Oil fell to fresh 2006 lows below $58 Wednesday as OPEC haggled over details of an output cut and the West's energy watchdog cut its demand growth forecasts.

U.S. crude settled down 93 cents at $57.59 a barrel after touching a $57.48 during intraday trading, the lowest level since December 2005. London Brent crude was down 69 cents at $58.65.

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OPEC ministers are united on the need to remove a million barrels from oil supplies to prop up falling prices, but divided on how to do so. News of a voluntary supply cut emerged from Nigeria nearly two weeks ago.

"OPEC can catch the price, but what we're seeing is evidence that there is a lot of divergence in opinion within OPEC about what to do and how to do it," said Bill O'Grady, analyst at A.G. Edwards.

The main stumbling block appears to be whether to make a reduction from the notional 28 million-barrel-per-day (bpd) production ceiling for the 10 OPEC members with output limits, or from the group's actual supply of nearly 27.5 million bpd in September.

Qatar's oil minister, Abdullah bin Hamad al-Attiyah, told reporters he expected the cut to come from actual output. He said a statement could be issued within two or three days or the group could meet sometime between Oct. 16 and 18.

"There is consensus for the 1 million cut, there is no objection," he said. "The (OPEC) president should now decide whether there should be a statement or a meeting somewhere."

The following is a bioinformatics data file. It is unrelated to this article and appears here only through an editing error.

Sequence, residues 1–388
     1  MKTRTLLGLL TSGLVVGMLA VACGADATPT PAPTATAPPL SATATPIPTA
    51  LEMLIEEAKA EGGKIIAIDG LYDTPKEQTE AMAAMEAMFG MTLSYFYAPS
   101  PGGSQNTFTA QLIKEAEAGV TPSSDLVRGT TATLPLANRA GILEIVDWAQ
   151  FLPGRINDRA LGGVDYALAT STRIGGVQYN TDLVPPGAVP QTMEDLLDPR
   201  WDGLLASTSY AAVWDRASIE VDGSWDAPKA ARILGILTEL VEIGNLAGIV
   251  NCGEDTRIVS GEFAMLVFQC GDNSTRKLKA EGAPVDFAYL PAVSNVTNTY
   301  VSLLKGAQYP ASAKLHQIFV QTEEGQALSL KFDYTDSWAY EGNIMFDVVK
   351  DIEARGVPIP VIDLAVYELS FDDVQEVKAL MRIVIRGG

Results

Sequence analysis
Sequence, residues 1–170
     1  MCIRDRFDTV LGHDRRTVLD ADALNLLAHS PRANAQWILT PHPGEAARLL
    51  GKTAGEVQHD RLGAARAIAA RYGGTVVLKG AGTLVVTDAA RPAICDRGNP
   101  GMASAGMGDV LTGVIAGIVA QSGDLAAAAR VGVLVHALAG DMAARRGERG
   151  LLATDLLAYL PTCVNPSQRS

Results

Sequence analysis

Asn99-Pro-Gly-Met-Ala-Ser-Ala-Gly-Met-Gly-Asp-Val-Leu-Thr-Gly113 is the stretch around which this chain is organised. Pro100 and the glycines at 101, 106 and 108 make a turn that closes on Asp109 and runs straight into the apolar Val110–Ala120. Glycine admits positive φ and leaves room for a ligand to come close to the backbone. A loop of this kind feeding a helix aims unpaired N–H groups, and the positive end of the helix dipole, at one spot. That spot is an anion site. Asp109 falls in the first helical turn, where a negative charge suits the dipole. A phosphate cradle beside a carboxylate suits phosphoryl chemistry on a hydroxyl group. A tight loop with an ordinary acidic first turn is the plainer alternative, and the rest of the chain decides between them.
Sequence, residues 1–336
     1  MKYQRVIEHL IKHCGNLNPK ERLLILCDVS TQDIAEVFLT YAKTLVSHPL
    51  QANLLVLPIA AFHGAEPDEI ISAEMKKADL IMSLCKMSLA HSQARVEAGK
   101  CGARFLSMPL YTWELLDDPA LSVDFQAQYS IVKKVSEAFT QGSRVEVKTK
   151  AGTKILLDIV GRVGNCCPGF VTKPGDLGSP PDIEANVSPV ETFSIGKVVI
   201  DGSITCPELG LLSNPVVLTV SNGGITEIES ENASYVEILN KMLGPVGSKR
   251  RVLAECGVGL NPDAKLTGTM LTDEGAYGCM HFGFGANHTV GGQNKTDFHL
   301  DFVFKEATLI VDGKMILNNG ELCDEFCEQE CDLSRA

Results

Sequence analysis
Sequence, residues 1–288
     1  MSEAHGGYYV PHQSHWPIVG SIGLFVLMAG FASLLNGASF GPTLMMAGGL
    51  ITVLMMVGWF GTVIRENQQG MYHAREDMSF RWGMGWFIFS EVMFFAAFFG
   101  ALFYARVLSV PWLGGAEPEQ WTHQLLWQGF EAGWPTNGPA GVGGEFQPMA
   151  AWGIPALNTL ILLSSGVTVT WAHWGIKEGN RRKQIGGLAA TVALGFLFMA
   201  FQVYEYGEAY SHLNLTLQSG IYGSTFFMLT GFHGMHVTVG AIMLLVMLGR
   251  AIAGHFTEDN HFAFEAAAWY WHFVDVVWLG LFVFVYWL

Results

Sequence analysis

The price of oil has fallen nearly $20 from July's peak of $78.40.

LOWER DEMAND

The International Energy Agency (IEA) trimmed its forecast for global oil demand growth next year by 90,000 bpd to 1.45 million bpd on slightly weaker U.S. demand.

The IEA, adviser to 26 industrialized nations, revised its forecast for U.S. demand growth after the International Monetary Fund (IMF) last month cut its forecast for U.S. economic growth in 2007.

Some investors said OPEC's cut may be too little or come too late to offset swelling inventories and slowing demand forecasts.

"The world economy is slowing and that's a fact. Fairly small declines in consumption growth due to a slowing economy have very large impacts on price," said O'Grady.

U.S. data due on Thursday — a day later than usual — is expected to show a 100,000 barrels rise in distillate stocks, a Reuters survey found.

Stocks were already at their highest level since January 1999 the previous week and mild temperatures have stemmed demand for heating fuels.

Crude stocks were expected to rise 800,000 barrels.

U.S. government weather forecasters said on Tuesday they expected El Nino to bring warmer-than-average temperatures across much of the country for the winter season.

Also bearish for prices is that Iraq pumped crude exports through its vulnerable northern pipeline to Turkey on Wednesday for the first time in over a month.

Sabotage attacks have mostly idled the line since the U.S.-led invasion of Iraq in March 2003.

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